So, you want to build a train for BVE4?



Okay, up until now we've mostly only considered the visual aspects of the train, and by now you should have a more or less complete set of images in your Train\<mytrain>\d3d directory (unelss you called it something else!).   We're now moving on to the physics.  There are several aspects which affect the way the train drives in BVE4, and all of these are dealt with a in a file called train.dat which lives in the train's directory.

Mackoy produced a train.dat editor which has been translated into English and which is available from TSC, along with some other useful bits and pieces.  I recommend you donwload it - it's not the best tool for all things but it is useful for acceleration and motor sounds, of which more later.  There's also a guide to the train.dat files, available from here which you can also download for reference although it does have various errors in it.

To make a good, prototypical train for BVE4 requires accurate data about the real thing.  The problems start when you look at the data you have to put into the train.dat file, and compare that with the data you can actually get.  For example, you can quite often find figures for maximuim tractive effort, esepcially for a loco.  However, you don't want that in the train.dat, you want acceleration in the rather unusual units Km/h/s.  So, you need to get your calculator out, and dust off those school science books.

This is made worse by the fact that BVE is really made to simulate EMUs.  As you've probably realised by now, in BVE, each train has its own directory, so for example the class 56 with loaded HAAs is distinct from the class 56 empty, or light engine.  The actual differences are all in the train.dat file, but to simluate a different consist, you need a "different" train, although all the graphics and so on are the same.

What this means is that you need to consider the exact train you're creating.  If it's a loco, what's it hauling?  If it's a DMU, is it a 2 car, 3 car, 7 car made form a 3 and a 4, and so on.  You then need some data about the weight and dimensions of the cars (and the loco, if it's a loco) and then you can start the calculating...

I'll run through an example that I did recently for the class 66 loco, hauling 22 empty HTA coal wagons, which was for a diagram on the excellent ECML: Northumberland route.  You can see the beginning of the train.dat file below, make sure that the first line reads BVE2000000 for a BVE4 train:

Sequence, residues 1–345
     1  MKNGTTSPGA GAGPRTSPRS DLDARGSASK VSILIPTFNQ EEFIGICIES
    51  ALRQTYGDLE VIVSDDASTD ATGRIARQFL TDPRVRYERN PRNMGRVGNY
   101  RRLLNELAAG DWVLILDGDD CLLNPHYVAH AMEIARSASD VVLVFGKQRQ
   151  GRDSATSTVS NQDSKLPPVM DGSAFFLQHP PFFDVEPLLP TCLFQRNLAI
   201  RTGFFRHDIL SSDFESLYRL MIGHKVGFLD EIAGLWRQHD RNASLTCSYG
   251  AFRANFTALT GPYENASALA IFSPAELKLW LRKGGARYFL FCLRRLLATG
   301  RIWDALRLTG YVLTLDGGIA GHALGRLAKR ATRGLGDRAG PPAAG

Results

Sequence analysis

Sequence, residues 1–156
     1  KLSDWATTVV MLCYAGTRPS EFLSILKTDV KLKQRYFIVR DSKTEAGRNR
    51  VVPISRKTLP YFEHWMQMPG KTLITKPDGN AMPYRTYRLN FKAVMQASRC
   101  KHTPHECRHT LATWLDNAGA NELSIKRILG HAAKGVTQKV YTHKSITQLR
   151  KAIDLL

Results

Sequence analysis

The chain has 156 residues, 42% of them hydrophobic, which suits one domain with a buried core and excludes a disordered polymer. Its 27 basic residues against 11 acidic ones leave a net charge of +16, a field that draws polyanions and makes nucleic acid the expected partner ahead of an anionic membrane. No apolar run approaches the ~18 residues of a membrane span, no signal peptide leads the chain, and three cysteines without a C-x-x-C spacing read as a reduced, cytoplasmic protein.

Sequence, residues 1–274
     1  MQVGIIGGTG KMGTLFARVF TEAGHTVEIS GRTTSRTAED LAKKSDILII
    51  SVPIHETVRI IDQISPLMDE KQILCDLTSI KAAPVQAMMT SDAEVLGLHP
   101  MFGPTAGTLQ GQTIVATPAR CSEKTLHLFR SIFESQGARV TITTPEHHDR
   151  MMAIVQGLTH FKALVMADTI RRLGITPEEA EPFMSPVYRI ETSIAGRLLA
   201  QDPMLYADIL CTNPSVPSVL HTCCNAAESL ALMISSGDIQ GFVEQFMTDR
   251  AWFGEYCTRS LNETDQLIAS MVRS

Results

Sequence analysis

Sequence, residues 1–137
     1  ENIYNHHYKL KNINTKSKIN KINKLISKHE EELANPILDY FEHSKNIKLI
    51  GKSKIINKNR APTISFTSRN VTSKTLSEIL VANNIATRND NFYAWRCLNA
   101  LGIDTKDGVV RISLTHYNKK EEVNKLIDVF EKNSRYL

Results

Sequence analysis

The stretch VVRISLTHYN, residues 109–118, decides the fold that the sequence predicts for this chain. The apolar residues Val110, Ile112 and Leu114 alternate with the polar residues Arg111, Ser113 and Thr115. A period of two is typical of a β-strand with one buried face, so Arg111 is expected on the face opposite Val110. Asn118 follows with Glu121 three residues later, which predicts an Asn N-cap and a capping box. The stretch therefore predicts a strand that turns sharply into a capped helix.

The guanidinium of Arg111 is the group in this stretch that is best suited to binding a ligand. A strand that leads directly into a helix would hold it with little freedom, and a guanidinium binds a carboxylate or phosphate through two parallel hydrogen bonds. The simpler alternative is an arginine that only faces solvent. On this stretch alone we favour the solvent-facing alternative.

sample train.dat

First, you want the train weight.  In this case, we have:
Class 66 loco:  130T
HTA wagon, empty:  27T
So, the total train weight is 130+(27x22) = 724T.

The figures for maximuim Tractive Effort (T.E.) for the class 66 are:
Starting T.E.:  409kN
continuous T.E.  260kN, at 26Km/h

Now, the formula for acceleration, a, in terms of mass m and applied force F is a=F/m.

Using the values above, initial acceleration is 0.56 m/s²,  and acceleration at 26Km/h is 0.36 m/s².  However, BVE wants the figures in Km/h/s, which means you need to multiply by 3.6, giving you figures of 2.01 and 1.31 to put into the train editor.  Note that these are maximum figures, so they apply to the highest notch of the power lever, in the case of the class 66 that's notch 8.  The other thing to note about the class 66 is that it's limited to 75 mph.  The loco, on maximum power and on the level, would go quite a bit faster than that with an unladen train.  The limiter is one thing that isn't in the train.dat, it's a function of the plugin file and that will be discussed later.

Okay, so now it's time to get that train editor out, and this is what it looks like; in this case, I have the class 66 example I'm using loaded:
train editor 1

As you can see, quite a few things to look at. 

Firstly, at the top left, you can see "rate" and "adhesion" - In the train.dat file, these are in a section headed #PERFORMANCE.  Now, Adhesion is in fact a common railway term but in some way the units don't seem to add up if you study real-life figures.  The train.dat guide suggests that 0.9 is fantastic grip and 0.1 is very little grip.  Generally, using too low a figure will mean a lot of wheelslip.  BVE has no simulation for a sander (which real trains tend to have for slippery conditions) so you need to err a bit on the high side.  "Rate" is for braking and we'll come back to that.

Under that, on the left, is "Delay" (#DELAY in train.dat).  These figures, in seconds, are the delay between operating the contorl and something happening.  Generally, controls are not instant.  The first two are for power:  delay between moving the lever and power being applied, and between moving the lever and the power being reduced.  The next two are for Electric brake, application and release, and the last 2 are for application of service brakes and emergency brakes.